And it finally comes out at the very end. We, the audience, finally get to fully understand these two characters at the same time they are fully understanding each other. Just like them, we were fighting our way through the haze of Taapsee’s love for Vicky, the stress of early marriage, everything else that hid the real people, and only know that they have annulled the marriage, come out clean and clear on the other side, can they face each other honestly.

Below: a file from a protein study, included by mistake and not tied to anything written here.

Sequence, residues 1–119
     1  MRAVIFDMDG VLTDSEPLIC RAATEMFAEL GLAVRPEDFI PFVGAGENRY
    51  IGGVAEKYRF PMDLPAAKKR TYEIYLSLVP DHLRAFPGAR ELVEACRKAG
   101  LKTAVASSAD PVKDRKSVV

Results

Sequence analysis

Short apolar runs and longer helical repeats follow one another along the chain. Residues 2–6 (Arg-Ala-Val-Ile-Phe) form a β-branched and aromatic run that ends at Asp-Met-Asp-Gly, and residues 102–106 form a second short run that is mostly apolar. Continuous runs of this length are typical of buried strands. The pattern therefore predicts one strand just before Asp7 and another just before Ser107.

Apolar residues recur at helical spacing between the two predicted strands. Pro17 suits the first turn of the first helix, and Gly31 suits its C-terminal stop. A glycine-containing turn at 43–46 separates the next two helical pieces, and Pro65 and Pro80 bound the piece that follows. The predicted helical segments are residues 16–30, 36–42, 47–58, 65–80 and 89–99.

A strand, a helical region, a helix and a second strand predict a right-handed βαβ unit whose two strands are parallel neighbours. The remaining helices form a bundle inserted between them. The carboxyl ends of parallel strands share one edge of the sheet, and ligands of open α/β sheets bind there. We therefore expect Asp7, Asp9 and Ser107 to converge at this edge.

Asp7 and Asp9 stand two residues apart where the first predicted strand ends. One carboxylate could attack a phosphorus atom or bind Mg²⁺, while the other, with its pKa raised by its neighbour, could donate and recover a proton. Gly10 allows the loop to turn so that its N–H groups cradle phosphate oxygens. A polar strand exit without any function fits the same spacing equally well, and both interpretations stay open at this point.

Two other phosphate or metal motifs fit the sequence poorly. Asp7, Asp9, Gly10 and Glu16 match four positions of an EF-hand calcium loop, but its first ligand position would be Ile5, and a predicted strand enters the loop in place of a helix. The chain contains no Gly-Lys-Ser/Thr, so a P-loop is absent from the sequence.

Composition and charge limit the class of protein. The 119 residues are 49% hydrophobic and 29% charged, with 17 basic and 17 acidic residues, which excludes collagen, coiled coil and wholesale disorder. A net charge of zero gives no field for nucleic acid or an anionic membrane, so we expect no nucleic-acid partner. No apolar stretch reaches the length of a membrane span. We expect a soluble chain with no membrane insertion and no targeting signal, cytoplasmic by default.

And the backstory is good too! Logical and makes sense with what we have seen of these characters. Taapsee’s parents died when she was young and she moved into her aunt and uncle’s household. They let her run wild because they feel sorry for her, and she knows that and takes advantage of it and then feels bad later. She clings to her grandfather because she feels he really loves her, is really hers as much as anyone else’s. She played hockey because it reminded her of her father. She met Vicky on Tinder because he was next door. And everything falls into place once she explains it, her whole character in the rest of the film. Someone who doesn’t feel like she belongs, like she fits in, looking for sex because sex is good and then building it up to be a grand passion and love story because she wanted someone and some thing that was just her own. And now finally coming out of that haze and returning to herself and discovering what she wants for herself, not in reaction to what she doesn’t have.